There are very few overweight women in France, I’m sure you’ve heard that cliche.¬† Its true for the most part. ¬†When they start to feel their clothes getting tight, they up their daily exercise by simply taking the stairs, walking extra in their daily routine, and determinedly, eating less or avoiding dessert for awhile.

A word about dessert.

When the French eat something decadent, they try to avoid cheap imitations or processed and packaged sweets. ¬†It just isn’t worth it to them, they value dessert more than that. ¬†All those empty calories for something that doesn’t even taste that great compared to the real, homemade/handmade, exquisite little pastry or sweet, it just isn’t worth it. ¬†As a result, because the dessert is heavier or more rich in taste, they naturally eat a lot less or they begin to feel sick (as it should be when one overeats). ¬†Only one dessert a day is considered enough, and it is enough because it meets a very real need for the craving of deliciousness and pleasure, while at the same time, being satisfying enough that you don’t even think about eating more of it. ¬†The French don’t deprive themselves by sticking to strange and restrictive diets that produce temporary results at best. ¬†They don’t really do diets at all, but approach food as a pleasure to be enjoyed.

‘Je deprime donc je chocolate.’

“When I’m down, I chocolate.”

Refuse to buy packaged sweets if you can, we only do so extremely rarely, like if they are on an amazing deal and I get them for free. ¬†Last week, I actually did obtain a box of Hostess Cupcakes, the first I’ve bought probably ever, but it was only because they were part of a “meal deal” where my buying ham & cheese gave me the cupcakes for free. ¬†I already needed the deli meat and cheese, but the added free fattening desserts were a treat. ¬†My son was delighted, but he understands we only do that for rare occasions… packaged sweets like that are usually never in my pantry. ¬†Go figure in America they tempt you with buying the things you actually need (protein meats and cheese) and give you their packaged crap for free to try to get you addicted. ¬†If you never usually buy them, they’re never a real temptation.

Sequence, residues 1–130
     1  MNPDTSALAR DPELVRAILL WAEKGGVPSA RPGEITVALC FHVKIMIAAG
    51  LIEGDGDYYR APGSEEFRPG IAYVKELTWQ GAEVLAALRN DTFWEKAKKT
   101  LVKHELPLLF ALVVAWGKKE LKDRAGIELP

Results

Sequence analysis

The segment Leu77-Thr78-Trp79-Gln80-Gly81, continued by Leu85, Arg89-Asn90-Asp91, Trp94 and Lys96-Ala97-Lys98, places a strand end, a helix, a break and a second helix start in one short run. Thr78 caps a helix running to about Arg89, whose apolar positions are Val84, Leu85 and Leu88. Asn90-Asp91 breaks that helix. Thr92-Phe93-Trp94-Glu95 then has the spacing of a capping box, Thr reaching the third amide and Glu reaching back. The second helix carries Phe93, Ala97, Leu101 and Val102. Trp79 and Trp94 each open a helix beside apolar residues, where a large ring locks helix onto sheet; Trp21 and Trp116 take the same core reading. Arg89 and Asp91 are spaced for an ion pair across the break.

I’ve never read the book, French Women Don’t Get Fat, by Mireille Guiliano, but I’ve heard great things about it, and the few things I have read fit right in line with everything I’m telling you in this post. ¬†A quote from Mireille perfectly describes the difference in the American stressful mindset of food, versus the relaxed French perspective,

“French women think about good things to eat;

American women typically worry about bad things to eat.”

The French¬†eat carbs… but don’t overeat or stress. ¬†I couldn’t find any studies in particular, however, I would guess that the cortisol levels in American women vs French women is much higher, as is the newly medical term, The Hurried Woman Syndrome. ¬†American women push themselves, constantly trying to be more competitive, to be perfectionists, to be the Super Mom… aggressive, successful, and in general, more masculine in nature. ¬†Compared to the laid back approach of the parenting style and life of the French woman, the American woman is far more stressed and more than likely at risk to use pharmaceutical drugs in order to achieve peace of mind about her life. ¬†This has even been noted as a reason why French women age better than American women, almost seeming to never appear old. ¬†Yes, they take care of their skin immaculately and admirably, but it stems from a no-nonsense view of stress, as well as valuing their sleep each night (getting 8.5 hours compared to the American 6.5) so that cortisol levels don’t build up over extended periods of time.